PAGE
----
and kept so that they would provide a basis after the war fora study of the immediate and prophylactic treatment of craniocerebral injuries.

The Middleton Park Convalescent Hospital, near Bicester,Oxfordshire, was situated 10 miles from the head injury hospital in Oxford andto it patients were sent from the latter hospital for convalescent care andrehabilitation. The care at Middleton Park had been planned and was supervisedby Brigadier Cairns, and not by a student of physical medicine who knew nothingof the residuals of head injuries. Even Radcliffe Infirmary, a hospital ofOxford University, was utilized for the study of compound fractures of theextremities and severe burns.

Within the environs of Oxford was the Wingfield MorrisOrthopaedic Emergency Hospital under the direction of Herbert J. Seddon, anorthopedic surgeon who had received a considerable amount of surgical trainingat the University of Michigan Medical School, Ann Arbor. The RAMC found itpossible to make use of Professor Seddon without insisting that he be inuniform. To this hospital were sent all of the peripheral nerve injuries fromthe British military forces and the civilian population. It was immediatelyobvious that one of the most important contributions to peripheral nerve surgerywould one day come from this well-planned and well-organized hospital for studyand treatment.

In the aforementioned 17 September memorandum it wasemphasized that the U.S. Army records of examination, diagnosis, and treatmentof the peripheral nerve injuries in World War I were totally inadequate, wereincomplete, and were rarely available for study or for use in following up thefew patients who made their appearance from time to time in Veterans'Administration hospitals. It was emphasized repeatedly that this should notobtain during World War II and that the records at the Wingfield MorrisOrthopaedic Emergency Hospital could be used as models. Colonel Davis emphasizedthe point that neurosurgical records need not be so elaborate that they wouldobstruct the care of the wounded but that they should be complete so that futuremilitary surgery would benefit from their study. This required unified directionwhich was never obtained.1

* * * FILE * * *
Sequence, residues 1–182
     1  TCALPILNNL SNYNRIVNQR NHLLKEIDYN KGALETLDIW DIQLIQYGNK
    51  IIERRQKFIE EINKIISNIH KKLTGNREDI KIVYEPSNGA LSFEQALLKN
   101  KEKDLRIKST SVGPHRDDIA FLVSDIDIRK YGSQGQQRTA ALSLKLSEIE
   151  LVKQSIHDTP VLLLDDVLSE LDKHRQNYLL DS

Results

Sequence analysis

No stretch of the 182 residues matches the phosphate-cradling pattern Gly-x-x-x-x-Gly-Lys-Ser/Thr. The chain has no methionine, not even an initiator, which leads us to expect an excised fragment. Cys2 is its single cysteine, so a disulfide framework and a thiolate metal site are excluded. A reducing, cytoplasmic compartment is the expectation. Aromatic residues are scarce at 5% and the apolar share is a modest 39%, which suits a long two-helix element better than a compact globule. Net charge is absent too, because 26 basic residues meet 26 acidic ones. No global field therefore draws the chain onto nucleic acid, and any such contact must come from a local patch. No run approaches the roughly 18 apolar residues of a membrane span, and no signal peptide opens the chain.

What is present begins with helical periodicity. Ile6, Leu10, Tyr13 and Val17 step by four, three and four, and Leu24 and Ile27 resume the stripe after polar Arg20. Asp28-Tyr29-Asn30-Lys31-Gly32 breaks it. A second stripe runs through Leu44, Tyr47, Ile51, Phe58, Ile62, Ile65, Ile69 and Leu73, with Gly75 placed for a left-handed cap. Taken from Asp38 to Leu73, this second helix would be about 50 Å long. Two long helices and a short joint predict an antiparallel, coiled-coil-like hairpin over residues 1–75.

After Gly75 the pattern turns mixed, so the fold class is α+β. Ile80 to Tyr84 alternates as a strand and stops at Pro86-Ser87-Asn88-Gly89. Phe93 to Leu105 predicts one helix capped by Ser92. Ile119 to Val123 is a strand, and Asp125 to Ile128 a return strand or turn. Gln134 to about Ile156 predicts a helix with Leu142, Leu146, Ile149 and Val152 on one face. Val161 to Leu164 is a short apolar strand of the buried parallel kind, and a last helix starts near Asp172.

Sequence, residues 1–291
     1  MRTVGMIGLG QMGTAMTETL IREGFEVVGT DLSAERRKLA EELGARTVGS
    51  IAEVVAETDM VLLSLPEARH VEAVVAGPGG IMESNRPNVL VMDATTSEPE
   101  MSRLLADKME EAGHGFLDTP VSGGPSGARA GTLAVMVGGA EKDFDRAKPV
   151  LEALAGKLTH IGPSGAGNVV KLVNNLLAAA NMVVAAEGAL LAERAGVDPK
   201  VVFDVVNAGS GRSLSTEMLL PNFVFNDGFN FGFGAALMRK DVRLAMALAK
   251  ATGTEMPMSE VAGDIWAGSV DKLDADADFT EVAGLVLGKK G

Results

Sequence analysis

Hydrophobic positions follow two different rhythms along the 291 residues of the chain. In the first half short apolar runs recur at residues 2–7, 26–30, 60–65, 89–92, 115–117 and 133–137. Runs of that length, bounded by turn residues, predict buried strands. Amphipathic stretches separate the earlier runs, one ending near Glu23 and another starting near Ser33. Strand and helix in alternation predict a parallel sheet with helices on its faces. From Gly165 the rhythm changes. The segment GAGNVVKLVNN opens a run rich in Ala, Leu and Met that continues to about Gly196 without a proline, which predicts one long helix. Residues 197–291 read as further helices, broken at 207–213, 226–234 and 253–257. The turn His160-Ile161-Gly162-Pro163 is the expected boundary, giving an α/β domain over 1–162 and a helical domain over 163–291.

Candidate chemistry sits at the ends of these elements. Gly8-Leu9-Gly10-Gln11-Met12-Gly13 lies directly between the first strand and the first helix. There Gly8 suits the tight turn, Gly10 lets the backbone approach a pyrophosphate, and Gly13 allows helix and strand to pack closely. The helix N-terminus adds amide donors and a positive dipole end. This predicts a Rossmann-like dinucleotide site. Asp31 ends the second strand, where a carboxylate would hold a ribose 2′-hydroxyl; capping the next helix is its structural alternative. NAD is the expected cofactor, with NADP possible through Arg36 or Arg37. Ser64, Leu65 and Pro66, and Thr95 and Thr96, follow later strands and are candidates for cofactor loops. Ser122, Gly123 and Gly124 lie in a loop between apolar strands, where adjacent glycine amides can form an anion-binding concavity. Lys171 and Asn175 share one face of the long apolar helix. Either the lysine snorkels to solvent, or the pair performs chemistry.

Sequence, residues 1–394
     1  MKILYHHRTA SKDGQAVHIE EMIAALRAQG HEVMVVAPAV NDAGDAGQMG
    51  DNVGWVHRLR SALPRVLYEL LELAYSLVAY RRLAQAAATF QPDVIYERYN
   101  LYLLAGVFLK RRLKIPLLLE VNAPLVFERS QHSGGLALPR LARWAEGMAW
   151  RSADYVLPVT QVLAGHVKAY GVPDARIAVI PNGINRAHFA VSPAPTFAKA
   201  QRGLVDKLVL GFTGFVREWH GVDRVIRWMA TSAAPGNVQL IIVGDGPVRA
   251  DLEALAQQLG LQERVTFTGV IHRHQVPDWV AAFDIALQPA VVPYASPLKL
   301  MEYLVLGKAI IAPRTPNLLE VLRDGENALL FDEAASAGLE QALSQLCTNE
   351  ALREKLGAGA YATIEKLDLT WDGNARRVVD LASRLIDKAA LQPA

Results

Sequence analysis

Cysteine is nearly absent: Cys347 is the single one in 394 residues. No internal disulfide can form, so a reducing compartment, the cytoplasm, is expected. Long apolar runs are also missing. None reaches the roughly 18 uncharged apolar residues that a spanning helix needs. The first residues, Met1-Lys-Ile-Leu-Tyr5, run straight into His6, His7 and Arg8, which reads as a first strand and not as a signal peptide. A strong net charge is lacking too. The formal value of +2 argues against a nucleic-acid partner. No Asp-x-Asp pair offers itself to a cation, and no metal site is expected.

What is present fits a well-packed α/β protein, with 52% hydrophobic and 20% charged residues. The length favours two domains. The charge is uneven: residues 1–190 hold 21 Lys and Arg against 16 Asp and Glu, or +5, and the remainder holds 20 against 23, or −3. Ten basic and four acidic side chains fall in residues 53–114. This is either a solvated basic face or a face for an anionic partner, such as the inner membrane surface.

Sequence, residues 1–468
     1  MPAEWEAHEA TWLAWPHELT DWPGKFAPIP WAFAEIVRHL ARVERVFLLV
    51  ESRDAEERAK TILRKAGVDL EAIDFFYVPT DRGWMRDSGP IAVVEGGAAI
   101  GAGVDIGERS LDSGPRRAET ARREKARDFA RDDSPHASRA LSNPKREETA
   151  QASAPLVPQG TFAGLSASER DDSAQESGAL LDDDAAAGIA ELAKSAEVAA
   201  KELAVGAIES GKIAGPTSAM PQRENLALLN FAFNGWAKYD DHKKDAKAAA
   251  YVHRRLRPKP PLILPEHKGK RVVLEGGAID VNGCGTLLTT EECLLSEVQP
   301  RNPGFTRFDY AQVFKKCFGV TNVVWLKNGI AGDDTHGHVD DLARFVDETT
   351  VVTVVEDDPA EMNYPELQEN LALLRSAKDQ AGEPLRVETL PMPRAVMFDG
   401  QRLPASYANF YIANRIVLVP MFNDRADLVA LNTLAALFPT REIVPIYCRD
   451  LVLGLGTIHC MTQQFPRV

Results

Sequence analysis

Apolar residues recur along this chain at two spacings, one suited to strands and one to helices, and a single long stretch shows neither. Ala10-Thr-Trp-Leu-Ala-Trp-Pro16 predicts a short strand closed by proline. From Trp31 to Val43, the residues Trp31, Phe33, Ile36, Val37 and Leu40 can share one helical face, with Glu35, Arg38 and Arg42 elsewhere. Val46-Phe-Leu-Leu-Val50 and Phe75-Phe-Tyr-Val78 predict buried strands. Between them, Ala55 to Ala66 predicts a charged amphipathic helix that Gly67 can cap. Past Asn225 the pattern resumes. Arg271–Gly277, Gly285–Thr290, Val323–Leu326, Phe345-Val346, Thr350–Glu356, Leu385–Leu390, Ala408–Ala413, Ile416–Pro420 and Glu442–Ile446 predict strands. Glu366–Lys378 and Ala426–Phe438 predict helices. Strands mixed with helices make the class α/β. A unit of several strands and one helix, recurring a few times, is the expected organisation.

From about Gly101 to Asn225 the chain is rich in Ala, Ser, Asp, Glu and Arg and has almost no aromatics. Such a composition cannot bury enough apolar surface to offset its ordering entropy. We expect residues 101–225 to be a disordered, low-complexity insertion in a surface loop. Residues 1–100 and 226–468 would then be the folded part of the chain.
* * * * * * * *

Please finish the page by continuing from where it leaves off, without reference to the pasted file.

Brigadier Cairns, through his friendship with Lord Nuffield,had initiated a project at the Morris Garage in Oxford for the construction ofmobile surgical units for the RCAMC (Royal Canadian Army Medical Corps). Theseunits were 3-ton motor vehicles with 4-wheel drives and contained an electricgenerator so that the unit could pull up beside a church or schoolhouse and goto work to help a forward hospital. Each unit carried two folding instrument andoperating tables, head rests, sterile drums of supplies, sterile basins, and awater tank but were not as elaborately equipped as were those originallydesigned by Brigadier Cairns, one of which was lost at Dunkirk.

1The recent five-center study of peripheral nerve injuries conducted by the Veterans' Administration with moneys made available through the National Research Council has pointed up this glaring error of organization repeated through two world wars.